Last week I scrounged a back-door invitation to a GlenDronach tasting. It was hosted by the Bascule, and after I’d arrived it gradually dawned on me that I had kind-of gate-crashed a get-together of their whisky club. I felt bad about it, but sometimes these things need to be done in pursuit of a higher purpose.
It turned out to be well worth the momentary embarrassment. During a tasting that was expertly led by the amicable, Scottish-accented (which always lends a certain authenticity) David Wyllie, we were served a sextet of exquisite drams from a stable renowned for their sherried whiskies. I’m a big fan of sherry-casked whisky – you could say that I’m the sherry equivalent of a peat-freak – so this was quite a treat, and also the motivation for my dubious presence at the event.
We tasted the 12, 15 and 18 YO’s from the core range, a 14YO finished in Sauternes casks, a 1992 Single Cask bottled exclusively for the South African market, and, last but not least, a whisky about which we were asked not to publicise details. This was a special bottling, supposedly not authorised for public consumption. It’s widely known that a whisky lover relishes nothing more than the opportunity to taste something exclusive and uncommon, so I’m pretty sure that the GlenDronach guys were blowing a bit of smoke up our arses – but I appreciated the sentiment and the whisky regardless.
Interestingly the 14YO, which is sadly not available in SA, was made from a stock of virgin-casked whisky (European oak) which was then re-racked into a variety of casks for finishing. I found this Saturnes version interesting if somewhat overly woody. Taste can be suggestible though and I wonder if I would have come to this same conclusion had I not known its provenance. I suggest that you try it if you get the chance. Virgin casks are blended into bottlings occasionally, although perhaps with increasing regularity in recent years, but whisky which is made primarily from virgin casks is exceedingly rare. In fact this style is probably limited to the few available organic whiskies.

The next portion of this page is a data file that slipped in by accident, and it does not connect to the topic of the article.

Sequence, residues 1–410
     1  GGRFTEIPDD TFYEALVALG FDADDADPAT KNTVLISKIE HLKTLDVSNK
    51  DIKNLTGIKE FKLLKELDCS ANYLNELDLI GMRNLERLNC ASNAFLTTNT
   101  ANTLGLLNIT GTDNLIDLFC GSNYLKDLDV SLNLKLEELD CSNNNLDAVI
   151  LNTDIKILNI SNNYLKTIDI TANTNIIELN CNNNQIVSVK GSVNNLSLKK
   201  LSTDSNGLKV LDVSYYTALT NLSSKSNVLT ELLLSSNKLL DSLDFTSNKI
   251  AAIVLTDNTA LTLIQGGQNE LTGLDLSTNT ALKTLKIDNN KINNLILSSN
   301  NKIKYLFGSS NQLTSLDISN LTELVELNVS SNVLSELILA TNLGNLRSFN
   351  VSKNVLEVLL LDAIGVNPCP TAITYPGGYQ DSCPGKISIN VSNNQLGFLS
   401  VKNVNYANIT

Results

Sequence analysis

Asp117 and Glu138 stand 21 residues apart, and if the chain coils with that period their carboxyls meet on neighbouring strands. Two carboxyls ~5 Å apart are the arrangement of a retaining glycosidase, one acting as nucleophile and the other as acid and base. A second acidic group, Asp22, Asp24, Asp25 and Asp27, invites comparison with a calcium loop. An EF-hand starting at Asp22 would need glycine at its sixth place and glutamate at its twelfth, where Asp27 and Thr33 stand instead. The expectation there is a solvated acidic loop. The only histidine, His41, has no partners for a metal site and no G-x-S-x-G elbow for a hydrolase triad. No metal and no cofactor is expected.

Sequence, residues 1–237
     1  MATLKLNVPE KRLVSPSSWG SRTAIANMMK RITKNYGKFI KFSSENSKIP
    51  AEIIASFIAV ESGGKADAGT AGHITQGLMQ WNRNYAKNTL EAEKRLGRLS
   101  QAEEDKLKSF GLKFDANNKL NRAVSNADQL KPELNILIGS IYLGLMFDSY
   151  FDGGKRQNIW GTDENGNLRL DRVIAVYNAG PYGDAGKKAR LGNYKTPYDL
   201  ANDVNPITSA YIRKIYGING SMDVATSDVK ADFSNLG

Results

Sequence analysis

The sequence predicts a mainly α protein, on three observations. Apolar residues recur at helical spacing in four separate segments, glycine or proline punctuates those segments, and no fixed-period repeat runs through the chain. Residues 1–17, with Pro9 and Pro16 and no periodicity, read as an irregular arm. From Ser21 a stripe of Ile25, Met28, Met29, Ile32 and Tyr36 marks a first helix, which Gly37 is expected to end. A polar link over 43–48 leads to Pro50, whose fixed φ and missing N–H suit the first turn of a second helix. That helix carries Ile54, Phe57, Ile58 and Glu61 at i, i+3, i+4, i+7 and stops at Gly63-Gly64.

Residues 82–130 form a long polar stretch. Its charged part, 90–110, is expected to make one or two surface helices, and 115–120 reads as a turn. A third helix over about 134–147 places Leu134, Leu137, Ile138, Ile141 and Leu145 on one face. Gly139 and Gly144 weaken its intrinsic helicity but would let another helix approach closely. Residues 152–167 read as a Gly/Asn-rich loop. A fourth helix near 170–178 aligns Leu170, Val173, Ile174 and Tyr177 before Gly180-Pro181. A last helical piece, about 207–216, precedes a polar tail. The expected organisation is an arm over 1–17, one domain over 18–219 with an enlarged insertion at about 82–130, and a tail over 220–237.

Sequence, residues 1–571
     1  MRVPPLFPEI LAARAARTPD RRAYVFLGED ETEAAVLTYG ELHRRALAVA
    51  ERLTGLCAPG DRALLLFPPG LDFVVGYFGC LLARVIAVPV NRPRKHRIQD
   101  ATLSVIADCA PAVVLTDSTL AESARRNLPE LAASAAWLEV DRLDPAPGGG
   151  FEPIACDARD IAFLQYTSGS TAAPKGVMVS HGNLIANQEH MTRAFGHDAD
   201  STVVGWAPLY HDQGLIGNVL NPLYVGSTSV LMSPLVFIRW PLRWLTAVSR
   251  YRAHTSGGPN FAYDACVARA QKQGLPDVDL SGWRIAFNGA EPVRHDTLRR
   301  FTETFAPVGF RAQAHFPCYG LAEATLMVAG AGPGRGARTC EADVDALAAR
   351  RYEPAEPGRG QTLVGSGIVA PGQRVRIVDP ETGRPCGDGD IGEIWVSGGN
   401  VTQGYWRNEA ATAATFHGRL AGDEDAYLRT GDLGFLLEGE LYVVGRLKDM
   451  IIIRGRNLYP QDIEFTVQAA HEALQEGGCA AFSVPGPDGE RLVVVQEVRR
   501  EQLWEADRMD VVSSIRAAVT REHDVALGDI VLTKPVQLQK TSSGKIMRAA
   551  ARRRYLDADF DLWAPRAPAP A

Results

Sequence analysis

Amongst the core range the 15YO stood out, at least for me – the signature sherry flavours were offset by the freshness and vibrancy of a pine forest. It also has a spectacular nose which drew oohs and aahs from the audience, myself included. The other whiskies were similarly impressive – only enhancing my affinity for this distillery and its creations.
I was struck by a final observation before heading home, which reinforced to me why I’m passionate about whisky rather than other potential candidates – i.e. why I’m not spending my time writing about chocolates, or teas, or bicycles, or somesuch. There is artistry and skill required for all of these and hundreds of others, but whisky has a certain uncommon magic. The 1992 and the mystery bottle were both from Oloroso casks, probably sourced from the same bodega. The latter was significantly older. And yet the 1992 was considerably darker and its sherry flavours more pronounced. In fact the mystery whisky has citrus notes, which are unusual in sherry casks. This is the enigma of wood. It contributes a visceral organicity to whisky which sets it apart from other industrial production, and gives it the constant ability to surprise and to astound.